Little did I know that I had the makings of an Opera Fanatic — well, I’ve discovered that I do. I found myself watching the DVD version of The Opera Fanatic (the VHS version of this film has been available on Zucker’s Bel Canto Society website for some time; the DVD version is being released on Arthaus Musik at the end of May) with absolute fascination (twice now, probably a third time by the time I’ve finished this blog entry), despite the fact that Stefan Zucker (purportedly the highest tenor according to the Guinness World Book of Records and generally an annoying enfant terrible) is thoroughly outrageous and, in some cases, shockingly rude to an absolutely extraordinary grouping of true Divas. The chutzpah (not to mention bad taste) of asking legendary mezzo-soprano Fedora Barbieri about the sexual proclivities of mezzos boggles the mind, but then again, she offered-or threatened-to spank him for his naughty question. (Maybe there IS some truth to this rumor she so passionately denied?)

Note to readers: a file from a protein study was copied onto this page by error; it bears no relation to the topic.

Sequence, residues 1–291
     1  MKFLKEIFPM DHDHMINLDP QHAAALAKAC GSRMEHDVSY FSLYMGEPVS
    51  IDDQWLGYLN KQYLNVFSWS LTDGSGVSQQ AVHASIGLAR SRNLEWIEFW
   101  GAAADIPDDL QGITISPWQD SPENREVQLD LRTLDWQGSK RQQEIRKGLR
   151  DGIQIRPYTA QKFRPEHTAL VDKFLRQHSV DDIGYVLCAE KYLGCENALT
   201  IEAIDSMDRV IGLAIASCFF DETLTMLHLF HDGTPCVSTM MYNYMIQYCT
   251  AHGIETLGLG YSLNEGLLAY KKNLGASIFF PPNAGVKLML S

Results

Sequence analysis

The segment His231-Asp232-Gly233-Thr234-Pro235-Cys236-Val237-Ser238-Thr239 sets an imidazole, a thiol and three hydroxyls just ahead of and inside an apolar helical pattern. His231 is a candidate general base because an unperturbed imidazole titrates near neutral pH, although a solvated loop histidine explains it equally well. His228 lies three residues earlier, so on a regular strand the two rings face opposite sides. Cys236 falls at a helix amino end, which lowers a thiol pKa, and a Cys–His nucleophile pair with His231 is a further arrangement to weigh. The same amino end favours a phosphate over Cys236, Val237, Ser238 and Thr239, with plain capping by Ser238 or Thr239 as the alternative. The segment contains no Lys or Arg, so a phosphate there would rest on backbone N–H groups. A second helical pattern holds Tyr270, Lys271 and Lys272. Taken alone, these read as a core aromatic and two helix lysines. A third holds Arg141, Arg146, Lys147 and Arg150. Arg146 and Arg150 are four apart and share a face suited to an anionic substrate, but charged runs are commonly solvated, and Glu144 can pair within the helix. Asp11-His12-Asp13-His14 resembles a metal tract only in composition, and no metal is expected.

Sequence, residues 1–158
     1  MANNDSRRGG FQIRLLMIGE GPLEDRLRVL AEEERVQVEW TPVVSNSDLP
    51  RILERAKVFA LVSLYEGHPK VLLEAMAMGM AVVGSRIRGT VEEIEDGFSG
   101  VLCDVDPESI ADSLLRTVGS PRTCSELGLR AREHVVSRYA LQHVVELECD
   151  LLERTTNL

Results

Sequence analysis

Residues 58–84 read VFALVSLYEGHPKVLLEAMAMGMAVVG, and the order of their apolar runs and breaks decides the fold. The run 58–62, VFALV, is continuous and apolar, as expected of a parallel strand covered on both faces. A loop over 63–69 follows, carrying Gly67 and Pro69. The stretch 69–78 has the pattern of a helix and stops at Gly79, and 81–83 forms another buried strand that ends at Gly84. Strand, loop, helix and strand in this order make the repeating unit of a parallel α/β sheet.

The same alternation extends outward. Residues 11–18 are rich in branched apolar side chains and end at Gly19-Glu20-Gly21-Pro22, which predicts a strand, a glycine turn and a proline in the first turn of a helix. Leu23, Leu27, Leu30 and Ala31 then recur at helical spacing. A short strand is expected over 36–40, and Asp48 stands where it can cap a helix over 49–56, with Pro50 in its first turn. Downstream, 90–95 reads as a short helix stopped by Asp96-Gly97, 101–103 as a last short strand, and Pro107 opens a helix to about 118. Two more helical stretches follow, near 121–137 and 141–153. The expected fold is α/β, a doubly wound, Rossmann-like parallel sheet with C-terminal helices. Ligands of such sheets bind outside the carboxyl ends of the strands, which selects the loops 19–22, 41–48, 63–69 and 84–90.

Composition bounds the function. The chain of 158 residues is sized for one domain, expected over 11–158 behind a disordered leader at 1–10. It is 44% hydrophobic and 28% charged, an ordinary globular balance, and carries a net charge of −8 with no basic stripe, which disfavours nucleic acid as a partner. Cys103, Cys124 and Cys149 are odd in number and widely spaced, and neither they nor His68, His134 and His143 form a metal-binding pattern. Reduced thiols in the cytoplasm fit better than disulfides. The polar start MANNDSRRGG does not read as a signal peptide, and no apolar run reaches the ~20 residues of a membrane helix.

The Opera Fanatic is partly about Zucker’s quest for the answers to a question which cannot really be answered or quantified: what makes a singer thrilling and a performance moving? But it also is, in part, a memorial of his late mother, a soprano named Rosina Wolf, whose memory he evokes several times during the film. Most of all, however, it is about a group of great singers, many of whom have been forgotten (a few probably don’t even hit the radar for some younger opera-goers), and some whose careers were eclipsed by La Callas and Renata Tebaldi. However, one thing these larger-than-life women have in common can be put very simply: Star Power.